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FROM THE PASTOR'S STUDY

Topic: Luke's Perspective of Jesus: Ch. 5 Message Outlines

Luke 5:27-32 (2)

by Darrel Cline
(darrelcline biblical-thinking.org)

Chapter # 5 Paragraph # 4 Study # 2
June 24, 2007
Lincolnton, N.C.

(352)

Thesis:"Following" Jesus is not "optional".

Introduction:Life is full of mystery. The twists and turns we face on the road are quite beyond our grasp. Even Solomon, recognized by Jesus as a man sought out for his wisdom (Luke 11:31), gave up his quest for a comprehensive understanding of life's twists and turns in exasperation in Ecclesiastes 1:13-14. Therefore, it is a huge plus for us to have in our hands a comprehensive revelation from God that gives us the opportunity to discover enough truth to make life possible for this day. So, as we turn our attention this morning to the Word of God, we find ourselves confronted by a record of the summons of Levi the tax collector by Jesus.

In our former study of this paragraph, we noted that Levi's name is given for several reasons, one of which is the heritage that the name carries with it. Levi was named "Levi" in the context of a theological setting wherein the vast majority of people were being smothered by The Lie. The original Levi was so named because his mother was heavily involved in a competition with her sister over who was going to be the most beloved wife. She erroneously believed three major lies: the first was that she could gain her husband's love by means of her production of sons; the second was that God was on her side in this delusion; and the third was that she was supposed to "care" that her husband did not love her as he did her sister.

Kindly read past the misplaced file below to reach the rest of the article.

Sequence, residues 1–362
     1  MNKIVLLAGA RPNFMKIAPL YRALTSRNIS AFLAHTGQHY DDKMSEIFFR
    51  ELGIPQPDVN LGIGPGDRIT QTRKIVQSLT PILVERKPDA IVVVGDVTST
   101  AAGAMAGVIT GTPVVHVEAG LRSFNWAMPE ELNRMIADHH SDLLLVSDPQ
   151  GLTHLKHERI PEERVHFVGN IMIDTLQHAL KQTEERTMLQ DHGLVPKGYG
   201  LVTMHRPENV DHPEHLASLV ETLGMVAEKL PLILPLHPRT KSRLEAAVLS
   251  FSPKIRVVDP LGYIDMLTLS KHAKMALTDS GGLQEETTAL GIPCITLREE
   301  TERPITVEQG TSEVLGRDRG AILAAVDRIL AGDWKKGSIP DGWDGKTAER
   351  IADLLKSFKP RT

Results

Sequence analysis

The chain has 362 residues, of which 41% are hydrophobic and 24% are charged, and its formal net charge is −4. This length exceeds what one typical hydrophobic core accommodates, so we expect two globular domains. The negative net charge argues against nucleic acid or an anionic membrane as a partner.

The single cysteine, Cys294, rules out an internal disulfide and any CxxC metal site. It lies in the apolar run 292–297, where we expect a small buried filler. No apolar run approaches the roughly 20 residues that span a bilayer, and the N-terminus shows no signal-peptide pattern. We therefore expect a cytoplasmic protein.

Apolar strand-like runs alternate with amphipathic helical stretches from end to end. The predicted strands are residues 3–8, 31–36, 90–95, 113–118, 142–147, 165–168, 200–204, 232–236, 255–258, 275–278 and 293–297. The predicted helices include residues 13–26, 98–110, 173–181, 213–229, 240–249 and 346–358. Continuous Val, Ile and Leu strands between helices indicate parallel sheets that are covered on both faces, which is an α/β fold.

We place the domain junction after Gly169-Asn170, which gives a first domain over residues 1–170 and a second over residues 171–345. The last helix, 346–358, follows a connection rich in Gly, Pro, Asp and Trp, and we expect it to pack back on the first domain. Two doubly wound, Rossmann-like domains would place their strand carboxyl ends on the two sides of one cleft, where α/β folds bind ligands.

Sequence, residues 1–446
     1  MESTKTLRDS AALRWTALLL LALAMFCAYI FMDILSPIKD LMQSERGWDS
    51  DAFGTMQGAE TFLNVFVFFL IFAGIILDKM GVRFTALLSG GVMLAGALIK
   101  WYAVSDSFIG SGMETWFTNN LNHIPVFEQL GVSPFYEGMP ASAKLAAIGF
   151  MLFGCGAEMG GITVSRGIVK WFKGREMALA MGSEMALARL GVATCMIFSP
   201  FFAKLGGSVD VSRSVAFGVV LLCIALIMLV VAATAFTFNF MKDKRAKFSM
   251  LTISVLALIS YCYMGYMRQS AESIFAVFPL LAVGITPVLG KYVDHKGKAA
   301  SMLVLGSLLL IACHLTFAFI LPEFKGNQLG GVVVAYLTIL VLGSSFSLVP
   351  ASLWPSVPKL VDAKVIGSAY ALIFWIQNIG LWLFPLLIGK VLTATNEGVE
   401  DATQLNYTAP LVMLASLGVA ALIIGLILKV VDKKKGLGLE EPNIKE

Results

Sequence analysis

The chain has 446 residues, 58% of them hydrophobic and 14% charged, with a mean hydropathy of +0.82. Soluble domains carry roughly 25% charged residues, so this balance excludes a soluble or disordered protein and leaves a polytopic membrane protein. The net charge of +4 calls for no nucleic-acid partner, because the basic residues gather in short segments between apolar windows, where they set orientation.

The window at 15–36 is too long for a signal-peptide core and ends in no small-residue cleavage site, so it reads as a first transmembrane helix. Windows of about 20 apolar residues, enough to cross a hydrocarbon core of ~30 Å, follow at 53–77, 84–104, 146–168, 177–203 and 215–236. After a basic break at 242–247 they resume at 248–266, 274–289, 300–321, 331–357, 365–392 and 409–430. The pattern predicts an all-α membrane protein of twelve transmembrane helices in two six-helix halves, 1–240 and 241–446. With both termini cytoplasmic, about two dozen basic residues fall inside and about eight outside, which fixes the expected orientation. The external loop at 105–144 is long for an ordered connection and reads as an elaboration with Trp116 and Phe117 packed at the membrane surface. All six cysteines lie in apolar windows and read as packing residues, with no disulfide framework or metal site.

The tax collector in our text was a part of the flotsam of the long-term historical disaster of such delusions. He was wiser than his predecessor's mother in that he had come to terms with the reality that "love" is a grant by the "lover" that has no direct connection to any performance issues in the beloved. But, he was as blind as Leah in that he reacted to that reality with significant hostility. Though he was clear on the fact that one cannot earn love, he was enormously angry about being unloved. Thus, in his anger, he turned to collecting taxes for Rome as a way to compensate himself for his lack of status. This behavior did earn him something: the derisive hostility of the vast majority of his associates. In other words, the lack of status created an even greater lack of status.

It is into this downward spiral that Jesus stepped "after these things" with the words "Follow Me." This morning we are going to consider the import of those words.


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